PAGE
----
Is My Employer's Non-Compete Agreement Valid?
Published on April 24, 2016
Is my employer's non compete agreement valid? Orlando employment law attorney Scott Adams explains what non compete and non-solicitation agreements are. He also explains the criteria these agreements need to meet in order to be considered valid in Florida. Contact us today at 407-835-8968.
Is My Employer’s Non-Compete Agreement Valid?
It depends. And what does it depend upon? It depends upon many different factors. First, you have to look at what actually is a non-compete agreement. Let’s define what it means. In the employment context, what we typically see, are three types of agreements:
- First, what a non-compete does is prevent an individual from soliciting an employer’s clients after the termination of the employment with that employer. Sometimes that is referred to as a non-solicitation agreement.
- Other times, we see agreements that prevent an employee from soliciting prior employees to leave the job with the employer to come work with them. That is also sometimes referred to as non-solicitation.
- And the final one is what’s typically referred to as the non-compete portion of that, where the agreement prevents, during the time-frame of the employment, as well as for a specified period of time after the employment ends, the employee from working for a subsequent employer or another employer that competes directly with the current employer with whom you have the contract with.
So those are the three types of agreements that are typically out there and that you see. Are these three types of agreements valid in Florida? Specifically, they are covered under a statute: Florida statute 542.335 and that governs what’s referred to as non-compete agreements. The language in the statute calls them “restrictive covenants” they are valid, but to be valid, they have to meet four criteria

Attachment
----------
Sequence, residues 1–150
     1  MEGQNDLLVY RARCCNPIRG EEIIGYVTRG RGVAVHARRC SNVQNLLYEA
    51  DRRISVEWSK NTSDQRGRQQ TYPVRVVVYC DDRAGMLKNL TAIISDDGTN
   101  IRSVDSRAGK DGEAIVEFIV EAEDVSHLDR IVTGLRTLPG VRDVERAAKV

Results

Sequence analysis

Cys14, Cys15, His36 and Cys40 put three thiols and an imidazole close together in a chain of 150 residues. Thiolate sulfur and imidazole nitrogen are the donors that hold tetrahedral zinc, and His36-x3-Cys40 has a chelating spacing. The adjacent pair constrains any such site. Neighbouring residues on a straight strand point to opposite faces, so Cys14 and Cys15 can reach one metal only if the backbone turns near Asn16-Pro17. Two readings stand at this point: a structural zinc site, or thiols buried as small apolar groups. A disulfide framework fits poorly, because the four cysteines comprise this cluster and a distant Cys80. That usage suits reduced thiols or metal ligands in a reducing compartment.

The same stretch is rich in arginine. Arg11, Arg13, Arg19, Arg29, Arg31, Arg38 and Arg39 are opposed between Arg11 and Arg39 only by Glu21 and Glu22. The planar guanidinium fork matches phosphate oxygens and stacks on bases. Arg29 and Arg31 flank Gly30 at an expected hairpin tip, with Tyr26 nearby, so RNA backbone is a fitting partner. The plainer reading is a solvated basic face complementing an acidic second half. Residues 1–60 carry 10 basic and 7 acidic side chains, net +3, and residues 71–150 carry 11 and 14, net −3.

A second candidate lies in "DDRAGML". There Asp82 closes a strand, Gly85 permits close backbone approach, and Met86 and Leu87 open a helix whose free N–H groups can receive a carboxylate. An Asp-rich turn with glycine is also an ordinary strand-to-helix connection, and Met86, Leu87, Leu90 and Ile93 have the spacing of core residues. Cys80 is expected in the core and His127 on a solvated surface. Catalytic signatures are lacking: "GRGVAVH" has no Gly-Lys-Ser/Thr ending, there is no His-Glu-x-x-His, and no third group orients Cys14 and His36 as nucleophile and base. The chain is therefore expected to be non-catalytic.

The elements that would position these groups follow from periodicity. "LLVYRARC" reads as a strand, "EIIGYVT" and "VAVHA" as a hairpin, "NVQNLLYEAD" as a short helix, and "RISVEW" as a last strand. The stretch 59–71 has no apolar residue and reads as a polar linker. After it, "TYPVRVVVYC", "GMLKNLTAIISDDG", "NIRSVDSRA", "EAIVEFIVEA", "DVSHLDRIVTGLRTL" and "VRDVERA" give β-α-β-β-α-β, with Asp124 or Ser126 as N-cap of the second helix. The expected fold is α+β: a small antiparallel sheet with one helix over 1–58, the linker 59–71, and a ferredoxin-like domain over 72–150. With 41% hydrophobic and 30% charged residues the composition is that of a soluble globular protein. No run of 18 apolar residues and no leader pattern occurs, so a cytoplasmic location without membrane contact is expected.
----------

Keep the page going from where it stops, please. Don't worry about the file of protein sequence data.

- First, they must be in writing.
- Second, they must protect a legitimate business interest.
- Third, they must be reasonable in time frame.
- Lastly, they must also be reasonable in geographical scope. For example, for an employment context, for an employee leaving their employment, six months is presumed to be reasonable, anything over two years is presumed to be unreasonable
As far as geographical scope, it’s kind of common sense. If someone is working in Orlando, lets say, Orange County, Florida, and the competing business works in California, and there is no relation between the two, then obviously a non-compete agreement in that context would be invalid if it sought to prevent the employee from working across the nation. The remedy in that situation though is not to nullify the non-compete agreement, but to simply reduce the geographical scope to the reasonableness of it.
Another way that employees can defeat a non-compete agreement, is to present the argument that there was a material breach of the employment arrangement prior to the time frame that the non-compete is sought to be invoked by the employer. What do I mean by that? Let’s say hypothetically an employer and employee have a contract that outlines a compensation package for salesmen and during the time frame of the employment, the employee does not receive the compensation that is meant to be paid under that compensation agreement. The employee can then argue that is a material breach, and by that material breach, the employer has now nullified the non-compete agreement. That’s a specific defense, it has to be proven by the employee, in a non-compete type of case.
If you believe that you have a non-compete agreement that is invalid, or that should not be enforceable, I suggest that you contact an Orlando employment attorney at LaBar Adams immediately.